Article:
Marrero, of Mastic, was more concerned about the driver, identified by police as Donald Kwarta, who was later pronounced dead at a hospital, than his own immediate safety. 

It's only when the adrenaline wore off that Marrero began to process what happened. He phoned his sister to tell her about his close call and, although he’s glad he wasn't injured, he is aware of the risks that come with his job. 

“It’s simple — if you see the vests and signs, just slow down,” Marrero said.

Marrero was one of about 200 workers taking part in a dozen workshops as part of a two-day safety event to brush up on new and age-old safety protocols, from dealing with fires or environmental threats like ticks and fleas to operating a payloader. Workers also received new reflective vests and replaced their work helmets with new, shiny ones. 

Among the hands-on classes, Daniel Kutchman, an agency highway safety supervisor, explained how to properly set up work zones and prepare for hazards. 

“We’re put in a lot of different predicaments, and it's always changing. Every day we face something different, whether it's accidents, emergency calls, whether it's bad weather, snow, ice, rain — we respond to everything,” Kutchman said.

“What we showed here today is the perfect scenario for just the bare minimum of what we expect,” he said.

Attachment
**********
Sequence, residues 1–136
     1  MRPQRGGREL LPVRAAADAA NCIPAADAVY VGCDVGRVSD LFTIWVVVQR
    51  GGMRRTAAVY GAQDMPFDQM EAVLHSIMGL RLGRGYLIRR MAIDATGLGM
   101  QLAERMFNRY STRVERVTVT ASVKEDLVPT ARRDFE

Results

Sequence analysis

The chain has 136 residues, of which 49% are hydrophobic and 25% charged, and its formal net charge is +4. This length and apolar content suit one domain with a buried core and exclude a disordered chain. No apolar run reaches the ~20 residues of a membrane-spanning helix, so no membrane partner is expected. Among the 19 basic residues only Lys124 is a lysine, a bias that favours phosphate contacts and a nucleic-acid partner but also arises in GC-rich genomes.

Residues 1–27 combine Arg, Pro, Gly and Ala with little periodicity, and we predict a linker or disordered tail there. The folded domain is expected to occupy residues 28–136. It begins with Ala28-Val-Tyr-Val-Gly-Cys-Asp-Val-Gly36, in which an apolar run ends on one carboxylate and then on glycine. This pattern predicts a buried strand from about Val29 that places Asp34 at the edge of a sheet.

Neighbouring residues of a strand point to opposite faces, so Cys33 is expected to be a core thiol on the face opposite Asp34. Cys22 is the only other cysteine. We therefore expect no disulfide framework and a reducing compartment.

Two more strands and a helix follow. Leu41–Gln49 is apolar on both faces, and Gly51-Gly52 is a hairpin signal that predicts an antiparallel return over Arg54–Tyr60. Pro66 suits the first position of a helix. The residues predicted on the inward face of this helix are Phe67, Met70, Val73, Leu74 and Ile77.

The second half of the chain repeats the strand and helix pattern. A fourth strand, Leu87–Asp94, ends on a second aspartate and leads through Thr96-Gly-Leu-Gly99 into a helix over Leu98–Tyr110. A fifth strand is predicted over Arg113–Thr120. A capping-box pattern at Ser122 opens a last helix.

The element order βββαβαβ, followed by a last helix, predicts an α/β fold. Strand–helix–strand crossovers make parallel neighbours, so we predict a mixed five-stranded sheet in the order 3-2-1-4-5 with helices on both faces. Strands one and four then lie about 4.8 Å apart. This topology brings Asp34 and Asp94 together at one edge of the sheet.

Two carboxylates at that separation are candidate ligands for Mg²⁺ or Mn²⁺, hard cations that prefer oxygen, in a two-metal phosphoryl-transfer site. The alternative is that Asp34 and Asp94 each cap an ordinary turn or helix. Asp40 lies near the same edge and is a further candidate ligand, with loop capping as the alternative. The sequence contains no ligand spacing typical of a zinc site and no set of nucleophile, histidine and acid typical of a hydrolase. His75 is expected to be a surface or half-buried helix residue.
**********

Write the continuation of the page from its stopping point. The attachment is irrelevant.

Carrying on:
Drivers who speed past work zones risk getting ticketed by police officers disguised as highway maintenance crews or by automated speed enforcement, which started last year.

Kenneth Willingham, of Westbury, a 24-year transportation worker, swapped his worn orange headgear for a new one.

“This is very important," he said, adding it protected him from injury several times. The DOT safety event is one of two held annually. 

“We’re doing everything we can to educate the public and our workers to keep everybody safe because everyone wants to go home to their family at the end of the day,” Canzoneri said.

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From new rides at Adventureland to Long Island's best seafood restaurants to must-see summer concerts, here's your inside look at Newsday's summer Fun Book. Credit: Newsday Staff